“The tail gunner came crawling out of the back,” Smith continued. “He was all shot up real bad. Blood was coming out of his mouth. He had been shot on the left side of the back. I remembered from my classes on how to handle a situation like this. I laid him down, gave him a couple of shots of morphine which put him to sleep immediately. By doing this, he lived; I am very thankful for that.

Secretary of War Henry Stimson, while across the Atlantic from Washington for an inspection, brought along a Medal of Honor that he presented to Smith – but only after the trouble-prone sergeant had to be summoned from disciplinary KP, or kitchen police, duty.

The plane began bouncing. “I went forward to find the pilot and co-pilot pretty well shot up. I put tourniquets on them so they could maintain control of the plane. I then went back to put the control cables together as we had no tail control. I remember I repaired the six wires. I then threw all the ammunition out. I didn’t receive burns during all this time because I had wrapped a scarf around my face and hands.

“Somehow we got the plane back. The plane was riddled with about 3,500 bullet holes. It was all burned out in the center. There was nothing but the four main beams holding it together. Ten minutes after we landed, the plane collapsed.” The Fortress never flew again.

Secretary of War Henry Stimson, while across the Atlantic from Washington for an inspection, brought along a Medal of Honor that he presented to Smith – but only after the trouble-prone sergeant had to be summoned from disciplinary KP, or kitchen police, duty.

Another valiant B-17 crewmember was Tech Sgt. Forrest Lee “Woody” Vosler, a radio operator on a mission to Bremen on December 20, 1943. Under heavy attack by German fighters, Vosler was seriously injured in both legs when cannon shells exploded in his radio compartment. Bleeding and in danger of losing consciousness, Vosler remained at his machine gun and continued firing as new waves of German fighters swarmed in. When a second shell from a German fighter exploded, smashing Vosler’s radio and spraying him with metal fragments, he refused to quit fighting. Tiny fragments of metal penetrated his eyes and blood poured down his face. When a crewmate offered medical aid, Vosler pushed him off and kept shooting.

During a brief respite from fighter attacks, when he should have been tending to his wounds, Vosler worked almost entirely by feel and reconstructed his radio. He was able to transmit his B-17s position to the rest of the bomber force. Vosler was barely alive when rescued and spent months recovering and regaining his eyesight before receiving the Medal of Honor personally from President Franklin D. Roosevelt.

Smith and Vosler both earned the recognition that came to them. But my point about Smith, a hero who risked all for his buddies but didn’t shine at Sunday school, is that a recommendation for a Medal of Honor for him today probably wouldn’t even be considered. Smith, you see, was nowhere near squeaky clean. In a different era, he was judged solely for his heroism, not for the larger picture painted by his 201 file. Today, he wouldn’t get past military obstructionism.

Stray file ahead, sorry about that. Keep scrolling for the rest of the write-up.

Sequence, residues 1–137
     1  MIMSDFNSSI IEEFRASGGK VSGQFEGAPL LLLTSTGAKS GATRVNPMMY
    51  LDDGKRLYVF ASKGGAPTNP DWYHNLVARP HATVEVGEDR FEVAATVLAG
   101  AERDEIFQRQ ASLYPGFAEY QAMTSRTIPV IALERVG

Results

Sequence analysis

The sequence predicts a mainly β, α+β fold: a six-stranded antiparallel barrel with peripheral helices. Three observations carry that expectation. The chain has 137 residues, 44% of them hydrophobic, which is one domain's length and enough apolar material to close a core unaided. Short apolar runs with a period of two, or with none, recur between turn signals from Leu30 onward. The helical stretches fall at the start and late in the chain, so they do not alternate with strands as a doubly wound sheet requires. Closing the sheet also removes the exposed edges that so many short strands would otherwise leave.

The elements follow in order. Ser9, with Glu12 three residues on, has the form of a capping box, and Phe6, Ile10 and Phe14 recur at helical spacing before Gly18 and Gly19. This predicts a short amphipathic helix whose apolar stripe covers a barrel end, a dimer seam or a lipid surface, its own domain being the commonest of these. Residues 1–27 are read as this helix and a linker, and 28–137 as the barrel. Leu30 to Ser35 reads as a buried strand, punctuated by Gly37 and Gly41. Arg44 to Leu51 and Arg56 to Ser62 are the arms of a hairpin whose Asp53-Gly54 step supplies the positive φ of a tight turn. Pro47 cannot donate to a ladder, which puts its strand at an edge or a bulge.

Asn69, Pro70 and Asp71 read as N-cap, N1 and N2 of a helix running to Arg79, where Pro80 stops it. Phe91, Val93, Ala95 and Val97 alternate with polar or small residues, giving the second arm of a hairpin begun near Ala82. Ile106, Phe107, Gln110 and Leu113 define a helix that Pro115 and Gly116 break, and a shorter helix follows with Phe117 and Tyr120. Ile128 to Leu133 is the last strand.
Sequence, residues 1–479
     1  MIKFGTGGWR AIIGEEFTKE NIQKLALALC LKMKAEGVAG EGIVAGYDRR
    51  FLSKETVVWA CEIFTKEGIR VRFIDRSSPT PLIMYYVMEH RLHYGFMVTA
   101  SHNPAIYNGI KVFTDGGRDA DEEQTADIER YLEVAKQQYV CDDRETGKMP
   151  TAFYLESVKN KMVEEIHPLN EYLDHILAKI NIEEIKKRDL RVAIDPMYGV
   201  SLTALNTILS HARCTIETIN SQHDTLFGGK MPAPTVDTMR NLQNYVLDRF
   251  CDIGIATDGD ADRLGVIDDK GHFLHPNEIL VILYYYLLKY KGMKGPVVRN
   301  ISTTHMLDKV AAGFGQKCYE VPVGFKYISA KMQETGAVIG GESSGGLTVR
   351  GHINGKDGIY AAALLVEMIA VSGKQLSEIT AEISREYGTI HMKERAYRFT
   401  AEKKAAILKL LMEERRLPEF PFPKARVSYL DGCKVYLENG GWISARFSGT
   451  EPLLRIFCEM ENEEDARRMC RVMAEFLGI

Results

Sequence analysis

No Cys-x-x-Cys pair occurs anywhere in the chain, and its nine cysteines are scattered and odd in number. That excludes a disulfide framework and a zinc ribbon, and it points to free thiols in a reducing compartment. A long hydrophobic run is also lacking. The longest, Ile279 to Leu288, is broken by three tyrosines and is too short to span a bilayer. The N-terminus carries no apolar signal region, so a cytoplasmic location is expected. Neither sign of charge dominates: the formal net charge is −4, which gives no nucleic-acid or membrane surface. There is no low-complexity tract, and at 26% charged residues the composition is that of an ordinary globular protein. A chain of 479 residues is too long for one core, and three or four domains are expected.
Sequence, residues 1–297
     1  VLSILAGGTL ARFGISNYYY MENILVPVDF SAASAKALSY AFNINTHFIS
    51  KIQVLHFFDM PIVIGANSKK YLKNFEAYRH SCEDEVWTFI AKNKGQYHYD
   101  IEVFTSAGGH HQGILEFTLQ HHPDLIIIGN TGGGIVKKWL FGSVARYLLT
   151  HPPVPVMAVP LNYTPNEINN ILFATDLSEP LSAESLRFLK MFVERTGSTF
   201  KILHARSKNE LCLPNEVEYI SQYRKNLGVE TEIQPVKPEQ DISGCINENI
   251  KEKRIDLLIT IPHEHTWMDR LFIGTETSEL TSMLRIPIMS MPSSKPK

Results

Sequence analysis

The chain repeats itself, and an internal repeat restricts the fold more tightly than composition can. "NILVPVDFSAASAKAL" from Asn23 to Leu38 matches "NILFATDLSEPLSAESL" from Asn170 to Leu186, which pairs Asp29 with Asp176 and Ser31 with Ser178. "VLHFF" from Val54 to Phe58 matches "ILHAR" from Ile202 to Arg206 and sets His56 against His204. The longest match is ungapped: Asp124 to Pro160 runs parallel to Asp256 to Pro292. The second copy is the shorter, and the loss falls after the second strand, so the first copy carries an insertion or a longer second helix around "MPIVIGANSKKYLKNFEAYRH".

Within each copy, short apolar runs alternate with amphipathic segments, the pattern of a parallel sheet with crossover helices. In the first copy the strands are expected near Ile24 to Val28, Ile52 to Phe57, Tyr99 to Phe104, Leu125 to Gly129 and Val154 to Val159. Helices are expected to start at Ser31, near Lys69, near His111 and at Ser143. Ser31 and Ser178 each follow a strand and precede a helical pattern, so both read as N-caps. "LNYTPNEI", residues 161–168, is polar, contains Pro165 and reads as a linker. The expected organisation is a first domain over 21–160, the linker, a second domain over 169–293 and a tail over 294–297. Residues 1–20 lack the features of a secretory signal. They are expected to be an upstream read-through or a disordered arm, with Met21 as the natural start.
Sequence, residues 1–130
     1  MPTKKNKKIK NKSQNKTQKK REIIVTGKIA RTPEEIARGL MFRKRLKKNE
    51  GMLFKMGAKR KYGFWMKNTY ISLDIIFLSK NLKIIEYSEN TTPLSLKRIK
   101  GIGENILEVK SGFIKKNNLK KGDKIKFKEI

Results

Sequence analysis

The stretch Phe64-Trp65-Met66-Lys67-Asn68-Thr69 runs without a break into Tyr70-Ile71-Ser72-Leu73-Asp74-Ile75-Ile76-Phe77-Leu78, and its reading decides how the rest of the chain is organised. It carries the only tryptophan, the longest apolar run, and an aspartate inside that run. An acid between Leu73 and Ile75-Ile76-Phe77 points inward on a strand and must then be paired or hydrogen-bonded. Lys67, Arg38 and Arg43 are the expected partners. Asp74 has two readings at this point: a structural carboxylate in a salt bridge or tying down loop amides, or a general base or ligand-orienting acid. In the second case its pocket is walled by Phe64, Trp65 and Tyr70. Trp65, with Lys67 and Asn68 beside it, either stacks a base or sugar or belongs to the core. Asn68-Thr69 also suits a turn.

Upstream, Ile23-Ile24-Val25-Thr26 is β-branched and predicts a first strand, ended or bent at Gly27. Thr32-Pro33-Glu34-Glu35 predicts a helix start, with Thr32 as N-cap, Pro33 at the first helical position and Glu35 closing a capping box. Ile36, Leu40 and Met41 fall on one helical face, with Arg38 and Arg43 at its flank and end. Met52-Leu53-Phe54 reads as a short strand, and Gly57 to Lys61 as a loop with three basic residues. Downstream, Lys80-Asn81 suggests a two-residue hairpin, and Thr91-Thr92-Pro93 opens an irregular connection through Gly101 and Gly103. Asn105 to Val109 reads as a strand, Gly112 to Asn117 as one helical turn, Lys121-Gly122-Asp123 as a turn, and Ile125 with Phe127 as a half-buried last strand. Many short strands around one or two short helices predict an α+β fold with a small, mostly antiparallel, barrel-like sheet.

Pride and Prejudice

Another form of obstructionism exists within the Air Force itself. In an officer-pilot culture, some enlisted members feel prejudiced against: Out of 18 awards of the Medal of Honor to Air Force members in Korea and Vietnam, only three went to enlisted men.

Moreover, today’s Air Force is hesitant to assert itself. “There is a lack of aggressive pursuit of these awards on the part of the Air Force,” said Gary Solis, a retired Marine lieutenant colonel and judge advocate who is considered an expert on awards and decorations.

William Pitsenbarger

Airman 1st Class William Pitsenbarger with an M16 outside the HH-43. U.S. Air Force photo

Airman First Class William H. “Pits” Pitsenbarger was a pararescue specialist aboard an HH-43F Huskie rescue helicopter in South Vietnam on April 11, 1966, when his crew was called in to help evacuate American casualties from a dense jungle 35 miles east of Saigon. An Army outfit, Charlie Company, 16th Infantry Regiment, was caught up in an ongoing firefight with Viet Cong guerrillas. From overhead, Pitsenbarger volunteered to ride a rescue hoist 200 feet down through triple canopy jungle. On the ground, he organized rescue efforts. He helped lift many seriously wounded to safety.

Though he could have ridden home in his helicopter, Pitsenbarger took up arms alongside the besieged infantrymen. In vicious fighting, the Viet Cong breached Charlie Company’s perimeter and fatally wounded Pitsenbarger.

One of Charlie Company’s embattled soldiers, Sgt. Charles S. Navarro, described how Pitsenbarger repeatedly exposed himself to enemy fire to care for the wounded. “He risked enemy gunfire to gather and distribute vital ammunition to the American defenders,” Navarro said. “As he crept from one isolated position to another across the broken perimeter, Pitsenbarger fired his M16 [rifle], gathered ammunition, and tended to wounded men.”

Said the HH-43F pilot, retired Lt. Col. Harold “Hal” Salem: “What Pitsenbarger did was far and above. Here was an Air Force guy, helping Army soldiers he didn’t know, trying to rescue as many as possible.” Salem pointed out that Pitsenbarger piled a body on top of Navarro to prevent Navarro from being killed by flying bullets.